All of which means that Downing Street will be sorely tempted to believe that it is in their best interests to hold off a referendum re-run for as long as possible. If Labour enjoys a revival in England or if Brexit turns out to be a success, then it will be harder for the Yes side to win out in the next independence referendum.   

But in terms of the SNP’s wider argument, it’s not a good look if the Scottish Parliament approves a referendum only to be denied by the Conservative government in London. There is nothing stopping Holyrood from holding a non-binding consultative referendum, after all.

For Unionists, what should trouble them is that their side looks worryingly like the pro-European side before the In-Out referendum: not really arguing for the Union in of itself, but merely arguing against the right of the Scottish government to hold a referendum. That’s not very fertile territory to fight and win the next referendum, whenever it may be.

Stephen Bush is special correspondent at the New Statesman. His daily briefing, Morning Call, provides a quick and essential guide to British politics.

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Andy Burnham and Sadiq Khan are both slippery self-mythologisers – so why do we rate one more than the other?

Their obsessions with their childhoods have both become punchlines; but one of these jokes, it feels to me, is told with a lot more affection than the other.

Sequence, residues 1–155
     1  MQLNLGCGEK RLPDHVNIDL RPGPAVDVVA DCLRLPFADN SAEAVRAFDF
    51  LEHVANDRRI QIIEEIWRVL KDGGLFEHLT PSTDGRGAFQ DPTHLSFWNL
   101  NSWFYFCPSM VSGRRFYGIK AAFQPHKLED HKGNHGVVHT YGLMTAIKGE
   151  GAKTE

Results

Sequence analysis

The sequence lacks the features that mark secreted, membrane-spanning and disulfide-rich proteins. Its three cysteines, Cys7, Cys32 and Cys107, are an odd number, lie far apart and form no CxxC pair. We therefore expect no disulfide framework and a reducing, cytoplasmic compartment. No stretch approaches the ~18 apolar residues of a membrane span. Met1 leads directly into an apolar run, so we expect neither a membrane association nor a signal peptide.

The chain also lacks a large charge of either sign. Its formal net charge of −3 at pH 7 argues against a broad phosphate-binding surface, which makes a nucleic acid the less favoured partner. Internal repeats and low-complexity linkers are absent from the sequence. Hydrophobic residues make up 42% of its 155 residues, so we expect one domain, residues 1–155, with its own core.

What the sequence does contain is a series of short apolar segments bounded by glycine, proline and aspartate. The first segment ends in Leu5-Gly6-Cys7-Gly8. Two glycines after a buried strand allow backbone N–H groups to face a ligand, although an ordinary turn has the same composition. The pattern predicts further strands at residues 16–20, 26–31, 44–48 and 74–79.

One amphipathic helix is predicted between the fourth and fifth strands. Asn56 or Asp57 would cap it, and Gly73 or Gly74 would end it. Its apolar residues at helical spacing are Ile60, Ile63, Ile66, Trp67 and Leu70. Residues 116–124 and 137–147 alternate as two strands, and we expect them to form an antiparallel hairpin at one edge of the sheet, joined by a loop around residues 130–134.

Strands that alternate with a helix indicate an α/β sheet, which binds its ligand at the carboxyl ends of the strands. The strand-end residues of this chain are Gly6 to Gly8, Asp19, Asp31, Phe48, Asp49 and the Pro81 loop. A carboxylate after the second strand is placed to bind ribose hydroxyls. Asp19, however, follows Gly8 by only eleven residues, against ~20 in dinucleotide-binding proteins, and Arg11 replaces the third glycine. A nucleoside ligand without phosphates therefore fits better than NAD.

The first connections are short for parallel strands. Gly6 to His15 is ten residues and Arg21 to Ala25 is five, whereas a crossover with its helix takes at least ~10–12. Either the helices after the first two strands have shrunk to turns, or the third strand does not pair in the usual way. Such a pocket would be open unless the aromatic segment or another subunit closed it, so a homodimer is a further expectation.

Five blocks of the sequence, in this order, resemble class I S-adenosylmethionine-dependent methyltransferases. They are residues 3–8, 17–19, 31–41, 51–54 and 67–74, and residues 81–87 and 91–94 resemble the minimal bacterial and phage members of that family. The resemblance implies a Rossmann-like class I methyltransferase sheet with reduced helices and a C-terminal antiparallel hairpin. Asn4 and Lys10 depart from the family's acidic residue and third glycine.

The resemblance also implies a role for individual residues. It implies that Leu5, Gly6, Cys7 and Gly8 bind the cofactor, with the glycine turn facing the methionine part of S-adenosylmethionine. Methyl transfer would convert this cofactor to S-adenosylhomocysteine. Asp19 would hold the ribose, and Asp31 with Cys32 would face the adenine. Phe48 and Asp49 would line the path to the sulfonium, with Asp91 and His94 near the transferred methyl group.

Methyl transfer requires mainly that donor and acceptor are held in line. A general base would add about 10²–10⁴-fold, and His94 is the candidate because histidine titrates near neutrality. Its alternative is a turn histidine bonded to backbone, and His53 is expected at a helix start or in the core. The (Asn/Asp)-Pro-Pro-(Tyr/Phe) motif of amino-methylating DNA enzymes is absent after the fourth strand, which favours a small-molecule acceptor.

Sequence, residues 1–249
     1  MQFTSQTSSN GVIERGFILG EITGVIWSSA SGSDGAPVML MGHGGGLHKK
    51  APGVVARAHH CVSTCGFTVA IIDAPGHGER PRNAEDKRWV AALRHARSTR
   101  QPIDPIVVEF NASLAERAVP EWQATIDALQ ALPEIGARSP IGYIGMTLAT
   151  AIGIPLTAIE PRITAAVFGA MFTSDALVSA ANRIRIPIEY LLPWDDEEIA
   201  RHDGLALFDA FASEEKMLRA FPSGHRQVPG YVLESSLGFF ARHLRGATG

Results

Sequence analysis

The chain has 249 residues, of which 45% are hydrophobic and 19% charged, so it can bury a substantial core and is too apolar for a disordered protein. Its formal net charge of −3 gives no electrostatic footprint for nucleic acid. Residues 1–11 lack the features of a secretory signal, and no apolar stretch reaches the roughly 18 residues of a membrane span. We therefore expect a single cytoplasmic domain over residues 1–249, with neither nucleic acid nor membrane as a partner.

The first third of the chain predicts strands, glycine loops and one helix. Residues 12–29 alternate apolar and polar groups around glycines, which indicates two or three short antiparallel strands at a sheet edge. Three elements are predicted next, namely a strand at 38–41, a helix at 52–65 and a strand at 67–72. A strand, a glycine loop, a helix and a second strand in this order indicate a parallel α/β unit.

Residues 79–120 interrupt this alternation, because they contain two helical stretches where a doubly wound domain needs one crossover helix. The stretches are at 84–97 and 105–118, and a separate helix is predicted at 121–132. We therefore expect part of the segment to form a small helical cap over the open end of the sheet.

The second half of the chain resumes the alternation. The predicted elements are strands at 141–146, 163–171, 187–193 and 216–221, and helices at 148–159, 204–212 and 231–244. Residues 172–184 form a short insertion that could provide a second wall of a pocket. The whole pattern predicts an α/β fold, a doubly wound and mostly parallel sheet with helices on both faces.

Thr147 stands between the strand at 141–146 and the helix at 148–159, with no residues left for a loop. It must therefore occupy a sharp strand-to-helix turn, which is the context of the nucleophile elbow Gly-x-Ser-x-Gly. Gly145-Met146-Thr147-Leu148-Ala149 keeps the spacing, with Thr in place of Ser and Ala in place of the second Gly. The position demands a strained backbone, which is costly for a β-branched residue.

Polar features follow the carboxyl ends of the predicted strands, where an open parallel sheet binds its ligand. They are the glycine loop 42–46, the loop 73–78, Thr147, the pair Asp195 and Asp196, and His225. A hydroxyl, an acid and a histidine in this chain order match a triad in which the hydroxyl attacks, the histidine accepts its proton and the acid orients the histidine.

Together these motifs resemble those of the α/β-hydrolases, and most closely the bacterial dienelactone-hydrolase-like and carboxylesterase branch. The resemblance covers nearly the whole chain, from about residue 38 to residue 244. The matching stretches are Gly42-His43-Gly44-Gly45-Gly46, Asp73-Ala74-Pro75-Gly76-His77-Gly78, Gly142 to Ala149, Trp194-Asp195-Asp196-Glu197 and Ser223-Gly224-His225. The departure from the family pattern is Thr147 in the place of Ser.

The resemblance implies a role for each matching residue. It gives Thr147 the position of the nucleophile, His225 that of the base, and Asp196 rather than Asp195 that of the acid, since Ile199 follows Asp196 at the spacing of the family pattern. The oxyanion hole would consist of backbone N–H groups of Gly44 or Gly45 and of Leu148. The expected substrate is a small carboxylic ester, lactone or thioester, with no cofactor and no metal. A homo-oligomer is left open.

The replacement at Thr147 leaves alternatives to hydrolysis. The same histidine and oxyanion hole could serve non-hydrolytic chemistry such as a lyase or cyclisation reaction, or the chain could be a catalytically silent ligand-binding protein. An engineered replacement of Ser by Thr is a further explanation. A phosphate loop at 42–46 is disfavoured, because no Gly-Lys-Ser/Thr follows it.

Andy Burnham is a man whose policies and opinions seem to owe more to political expediency than they do to belief. He bangs on to the point of tedium about his own class, background and interests. As a result he’s widely seen as an unprincipled flip-flopper.

Sadiq Khan is a man whose policies and opinions seem to owe more to political expediency than they do to belief. He bangs on to the point of tedium about his own class, background and interests. As a result he’s the hugely popular mayor of London, the voice of those who’d be proud to think of themselves as the metropolitan liberal elite, and is even talked of as a possible future leader of the Labour party.

Oh, and also they were both born in 1970. So that’s a thing they have in common, too.

Why it is this approach to politics should have worked so much better for the mayor of London than the would-be mayor of Manchester is something I’ve been trying to work out for a while. There are definite parallels between Burnham’s attempts to present himself as a normal northern bloke who likes normal things like football, and Sadiq’s endless reminders that he’s a sarf London geezer whose dad drove a bus. They’ve both become punchlines; but one of these jokes, it feels to me, is told with a lot more affection than the other.

And yes, Burnham apparent tendency to switch sides, on everything from NHS privatisation to the 2015 welfare vote to the leadership of Jeremy Corbyn, has given him a reputation for slipperiness. But Sadiq’s core campaign pledge was to freeze London transport fares; everyone said it was nonsense, and true to form it was, and you’d be hard pressed to find an observer who thought this an atypical lapse on the mayor’s part. (Khan, too, has switched sides on the matter of Jeremy Corbyn.)